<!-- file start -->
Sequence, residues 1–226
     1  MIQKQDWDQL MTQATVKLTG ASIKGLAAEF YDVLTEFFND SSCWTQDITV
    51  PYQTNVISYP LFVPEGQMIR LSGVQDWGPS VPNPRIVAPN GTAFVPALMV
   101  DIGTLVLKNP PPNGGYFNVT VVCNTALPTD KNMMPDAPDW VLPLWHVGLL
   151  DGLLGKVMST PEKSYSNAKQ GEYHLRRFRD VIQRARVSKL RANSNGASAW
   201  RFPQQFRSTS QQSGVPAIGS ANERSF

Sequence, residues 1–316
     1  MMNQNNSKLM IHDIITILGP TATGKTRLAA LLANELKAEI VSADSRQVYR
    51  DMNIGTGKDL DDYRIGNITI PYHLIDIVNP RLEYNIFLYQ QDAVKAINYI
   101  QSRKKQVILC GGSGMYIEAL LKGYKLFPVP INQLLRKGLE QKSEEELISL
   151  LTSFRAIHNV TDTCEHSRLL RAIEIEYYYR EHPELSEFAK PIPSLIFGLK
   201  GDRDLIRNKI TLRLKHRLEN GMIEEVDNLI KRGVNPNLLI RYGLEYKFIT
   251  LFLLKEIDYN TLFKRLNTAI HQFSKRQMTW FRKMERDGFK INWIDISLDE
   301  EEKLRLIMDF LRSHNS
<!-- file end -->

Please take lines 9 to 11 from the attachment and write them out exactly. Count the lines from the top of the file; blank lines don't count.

    51  DMNIGTGKDL DDYRIGNITI PYHLIDIVNP RLEYNIFLYQ QDAVKAINYI
   101  QSRKKQVILC GGSGMYIEAL LKGYKLFPVP INQLLRKGLE QKSEEELISL
   151  LTSFRAIHNV TDTCEHSRLL RAIEIEYYYR EHPELSEFAK PIPSLIFGLK